The Bitter Truth

Recently, the Wellness Club where I work had a discussion about the health benefits of chocolate or, more precisely, cocoa. Cocoa is truly a miracle food delivered to us through the centuries from the Aztecs and Mayans. You can read all about it here. Note the special benefits for exercisers.

The more I see people who are chronically ill or will soon be because of their lifestyles, the more sobered I am about the realistic prospects of them changing. Change is very hard, harder than maybe we know or want to admit. Certainly many people want to do it, yet few accomplish lasting change, whether it's exercising more or eating better.

If you read the psychological literature about change, you'll find people in the profession are only able to talk about it in very general terms. Basically, it boils down to you've really got to want to do it, then you need to do it. And usually it helps you to have social support, i.e., family, friends, or a social network, for the change you are attempting to make.

What gives us hope is that some people do change and the changes endure. We all know an inspiring story of the person who lost 100 lbs. or finally stopped smoking and became a marathoner, despite discouraging odds that it's very probable.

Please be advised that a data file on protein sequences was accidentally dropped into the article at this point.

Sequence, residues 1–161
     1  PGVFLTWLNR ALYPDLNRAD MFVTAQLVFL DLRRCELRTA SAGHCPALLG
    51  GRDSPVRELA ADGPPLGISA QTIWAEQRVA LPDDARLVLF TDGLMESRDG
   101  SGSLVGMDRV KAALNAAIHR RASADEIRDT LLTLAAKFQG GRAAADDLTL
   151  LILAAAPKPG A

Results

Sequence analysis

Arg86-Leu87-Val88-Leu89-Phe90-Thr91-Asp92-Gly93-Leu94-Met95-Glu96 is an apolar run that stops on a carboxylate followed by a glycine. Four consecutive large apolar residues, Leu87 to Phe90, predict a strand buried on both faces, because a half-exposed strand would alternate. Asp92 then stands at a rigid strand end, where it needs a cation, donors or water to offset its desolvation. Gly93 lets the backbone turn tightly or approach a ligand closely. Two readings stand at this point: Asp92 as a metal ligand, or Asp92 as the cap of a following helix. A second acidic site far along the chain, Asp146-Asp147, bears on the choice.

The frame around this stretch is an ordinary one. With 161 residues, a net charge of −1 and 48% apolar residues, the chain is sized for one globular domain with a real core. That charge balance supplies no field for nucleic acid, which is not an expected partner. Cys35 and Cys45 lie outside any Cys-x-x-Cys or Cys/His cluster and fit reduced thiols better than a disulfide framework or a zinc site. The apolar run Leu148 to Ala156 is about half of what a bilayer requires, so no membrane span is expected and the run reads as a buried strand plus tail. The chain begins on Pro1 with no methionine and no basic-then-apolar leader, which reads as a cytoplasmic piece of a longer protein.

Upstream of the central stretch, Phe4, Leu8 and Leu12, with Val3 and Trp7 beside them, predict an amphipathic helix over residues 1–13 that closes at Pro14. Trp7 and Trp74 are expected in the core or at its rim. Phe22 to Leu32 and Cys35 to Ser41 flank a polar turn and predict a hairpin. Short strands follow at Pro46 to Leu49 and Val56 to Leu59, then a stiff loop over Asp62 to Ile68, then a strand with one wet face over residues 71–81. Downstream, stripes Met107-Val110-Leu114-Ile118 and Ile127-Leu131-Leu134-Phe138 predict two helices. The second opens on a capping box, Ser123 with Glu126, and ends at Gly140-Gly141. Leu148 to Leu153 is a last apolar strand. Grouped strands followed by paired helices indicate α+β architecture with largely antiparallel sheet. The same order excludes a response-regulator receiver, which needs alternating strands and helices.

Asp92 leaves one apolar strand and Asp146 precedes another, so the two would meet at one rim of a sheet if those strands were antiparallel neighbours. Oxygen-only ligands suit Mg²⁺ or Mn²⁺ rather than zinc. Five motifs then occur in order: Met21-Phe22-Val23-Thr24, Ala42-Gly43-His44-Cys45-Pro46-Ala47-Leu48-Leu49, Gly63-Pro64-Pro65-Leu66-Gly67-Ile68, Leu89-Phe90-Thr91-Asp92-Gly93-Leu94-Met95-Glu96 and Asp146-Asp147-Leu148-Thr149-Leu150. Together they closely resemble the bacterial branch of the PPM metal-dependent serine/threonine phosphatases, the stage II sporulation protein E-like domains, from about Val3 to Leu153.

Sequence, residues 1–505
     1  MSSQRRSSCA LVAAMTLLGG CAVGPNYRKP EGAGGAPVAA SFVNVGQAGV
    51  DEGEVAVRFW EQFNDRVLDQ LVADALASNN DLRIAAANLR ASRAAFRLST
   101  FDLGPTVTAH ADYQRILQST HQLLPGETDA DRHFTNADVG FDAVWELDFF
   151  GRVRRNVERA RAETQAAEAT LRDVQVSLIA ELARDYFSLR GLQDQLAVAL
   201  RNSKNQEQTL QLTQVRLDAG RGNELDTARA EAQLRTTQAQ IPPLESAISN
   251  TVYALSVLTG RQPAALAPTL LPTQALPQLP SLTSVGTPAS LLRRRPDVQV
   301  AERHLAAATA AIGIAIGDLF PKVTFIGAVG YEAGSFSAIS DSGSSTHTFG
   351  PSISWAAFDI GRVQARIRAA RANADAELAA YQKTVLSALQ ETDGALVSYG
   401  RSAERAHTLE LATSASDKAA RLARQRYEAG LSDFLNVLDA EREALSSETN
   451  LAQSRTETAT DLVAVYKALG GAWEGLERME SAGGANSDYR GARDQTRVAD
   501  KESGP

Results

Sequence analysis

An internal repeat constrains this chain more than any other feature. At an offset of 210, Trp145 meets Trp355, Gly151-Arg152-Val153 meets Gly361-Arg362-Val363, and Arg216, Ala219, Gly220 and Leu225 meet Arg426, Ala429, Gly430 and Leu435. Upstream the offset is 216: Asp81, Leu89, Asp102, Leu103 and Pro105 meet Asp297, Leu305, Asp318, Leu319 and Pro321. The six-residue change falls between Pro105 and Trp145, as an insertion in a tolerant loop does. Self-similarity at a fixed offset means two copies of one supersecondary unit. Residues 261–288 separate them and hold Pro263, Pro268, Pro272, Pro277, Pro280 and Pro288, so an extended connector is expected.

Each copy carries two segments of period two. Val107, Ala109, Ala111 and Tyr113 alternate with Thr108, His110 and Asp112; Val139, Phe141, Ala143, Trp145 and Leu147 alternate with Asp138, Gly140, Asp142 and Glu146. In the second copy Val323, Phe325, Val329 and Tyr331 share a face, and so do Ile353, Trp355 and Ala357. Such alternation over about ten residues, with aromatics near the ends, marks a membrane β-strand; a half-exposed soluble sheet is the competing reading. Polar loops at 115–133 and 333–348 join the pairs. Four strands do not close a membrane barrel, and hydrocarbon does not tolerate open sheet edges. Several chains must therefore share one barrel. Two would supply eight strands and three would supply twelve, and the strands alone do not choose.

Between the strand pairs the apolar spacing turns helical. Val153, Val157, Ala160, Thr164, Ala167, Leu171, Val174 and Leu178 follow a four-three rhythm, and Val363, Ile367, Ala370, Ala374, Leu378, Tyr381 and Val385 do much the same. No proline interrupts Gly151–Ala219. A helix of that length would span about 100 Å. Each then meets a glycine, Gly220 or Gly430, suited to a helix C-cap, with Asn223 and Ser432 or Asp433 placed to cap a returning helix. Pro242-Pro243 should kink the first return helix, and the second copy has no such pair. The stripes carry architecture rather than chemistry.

One of the enlightening moments during our discussion of chocolate came when the unwelcome fact was presented that all the amazing, healthy properties of cocoa are missing in milk chocolate. Dark chocolate, the kind with tremendous benefits to your heart and brain, is slightly bitter, although people have figured out how to make it taste pretty appetizing.

How we change is not something rational where you hear factual information then alter your behavior. The day we discussed chocolate we had four bars, three of healthy dark chocolate, and one which was milk chocolate. After passing them around so people could examine the differences on the labels, such as the huge amount of sugar contained in milk chocolate when compared to dark chocolate, we held a drawing for the bars.

The rules of the drawing were that the person whose name was drawn first would have first pick of the four bars. After giggling happily after her name was drawn and having heard all the facts regarding the health benefits of dark chocolate, she chose the one made of milk chocolate.

When it comes to health and fitness, it's as if there's a biblical predetermination to it. Wasn't there a passage that went something like many are called, but few are chosen?

Be saved. Eat dark chocolate.

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